In aviation, a drop tank (external tank, wing tank, or belly tank) is used to describe auxiliary fuel tanks externally carried by aircraft. A drop tank is expendable and often jettisonable. External tanks are commonplace on modern military aircraft and occasionally found in civilian ones, although the latter are less likely to be discarded except in the event of emergency.
The drop tank was used during the Spanish Civil War to allow fighter aircraft to carry additional fuel for long-range escort flights without requiring a dramatically larger, heavier, less maneuverable fuselage. During World War II, the German Luftwaffe began using external fuel tanks with the introduction of a 300 liter (80 US gallon) light alloy model for the Ju 87R, a long range version of the Stuka dive bomber, in early 1940. The Messerschmitt Bf 109 fighter also used this type of drop tank, starting with the Bf 109E-7 variant introduced in August 1940. Fitted also to the Focke-Wulf Fw 190, the 300 liter tank, available in at least four differing construction formats — including at least one impregnated paper material, single-use version — and varying only slightly in appearance, became the standard volume for most subsequent drop tanks in Luftwaffe service, with a rarely used 900 litre (238 U.S. gallon), fin-stabilized large capacity drop tank used with some marks of the Messerschmitt Bf 110 heavy fighter and other twin-engined Luftwaffe combat aircraft.
The first drop tanks were designed to be discarded when empty or in the event of combat or emergency in order to reduce drag, weight, and to increase maneuverability. Modern external tanks may be retained in combat, to be dropped in an emergency.
The Allies commonly used them to allow fighters increased range and patrol time over continental Europe. The RAF used such external fuel tanks in 1942, during the transit of Supermarine Spitfires to Malta.
The Imperial Japanese navy design specification for what came to be the Japanese Mitsubishi A6M Zero fighter, included endurance with drop tanks of two hours at full power, or six to eight hours at cruising speed. Drop tanks were commonly used with the Zero, even on Combat Air patrol (CAP). The Zero entered service in 1940.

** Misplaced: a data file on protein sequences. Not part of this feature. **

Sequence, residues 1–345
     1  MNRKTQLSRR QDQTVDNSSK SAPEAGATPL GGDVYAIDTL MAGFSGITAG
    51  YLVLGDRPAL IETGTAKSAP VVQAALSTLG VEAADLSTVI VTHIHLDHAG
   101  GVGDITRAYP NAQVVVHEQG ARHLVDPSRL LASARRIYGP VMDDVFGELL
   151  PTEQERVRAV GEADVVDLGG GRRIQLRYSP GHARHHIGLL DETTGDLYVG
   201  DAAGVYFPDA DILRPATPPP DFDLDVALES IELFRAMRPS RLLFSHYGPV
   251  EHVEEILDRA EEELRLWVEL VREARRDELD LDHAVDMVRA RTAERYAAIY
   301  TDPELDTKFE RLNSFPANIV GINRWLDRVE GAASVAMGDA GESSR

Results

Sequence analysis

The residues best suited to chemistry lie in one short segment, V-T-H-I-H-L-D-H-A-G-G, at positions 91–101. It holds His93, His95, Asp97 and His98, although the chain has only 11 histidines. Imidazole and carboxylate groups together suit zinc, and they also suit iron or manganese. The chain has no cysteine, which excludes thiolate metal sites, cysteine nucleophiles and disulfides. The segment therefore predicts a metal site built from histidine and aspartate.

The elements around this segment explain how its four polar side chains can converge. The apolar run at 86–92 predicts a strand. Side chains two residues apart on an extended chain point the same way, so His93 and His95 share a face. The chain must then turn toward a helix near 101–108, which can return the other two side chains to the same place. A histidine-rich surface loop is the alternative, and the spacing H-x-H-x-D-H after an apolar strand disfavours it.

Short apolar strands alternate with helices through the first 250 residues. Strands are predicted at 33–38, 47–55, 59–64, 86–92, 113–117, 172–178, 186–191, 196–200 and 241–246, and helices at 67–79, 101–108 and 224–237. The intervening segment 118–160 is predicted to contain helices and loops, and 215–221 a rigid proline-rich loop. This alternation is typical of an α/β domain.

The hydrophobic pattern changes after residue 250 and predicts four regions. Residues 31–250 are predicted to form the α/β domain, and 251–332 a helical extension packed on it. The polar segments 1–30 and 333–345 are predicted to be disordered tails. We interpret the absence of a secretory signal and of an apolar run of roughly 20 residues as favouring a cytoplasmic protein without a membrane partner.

Drop tanks were prohibited on fighter aircraft and on medium bombers by the so-called Bomber Mafia in the United States Army Air Corps prior to direct U.S. involvement in World War II. The bomber theorists assumed that bombers would be self-defending; they saw long-range fighters as "a myth", as they could be easily forced to drop the tanks by minor harassment just at the beginning of the raid. Long-range medium bombers were viewed as direct competition to their goal of vast air fleets of heavy bombers. Starting in 1941, airmen such as Benjamin S. Kelsey and Oliver P. Echols worked quietly to get drop tank technology added to American fighters such as the Lockheed P-38 Lightning. It was only with drop tanks supplying at least 450 US gallons (1,700 l; 370 imp gal) of extra fuel per fighter that the P-38 could have carried out Operation Vengeance, the shootdown of Admiral Isoroku Yamamoto. For this mission, each fighter carried one drop tank of approximately 150 to 165 US gal (570 to 620 L), and a larger one of approximately 300 to 330 US gal (1,100 to 1,200 L). Even after such experience showed the necessity for drop tanks, inflexible thinkers such as General Ira C. Eaker had to be transferred out of commanding positions so that drop tanks and range extension plans could be widely implemented in 1944 for American escort fighters. External drop tanks also turned the Republic P-47 Thunderbolt from a short-range interceptor into long-range escort and air superiority fighter, enabling it to accompany bombers all the way from British Isles to Germany, and back.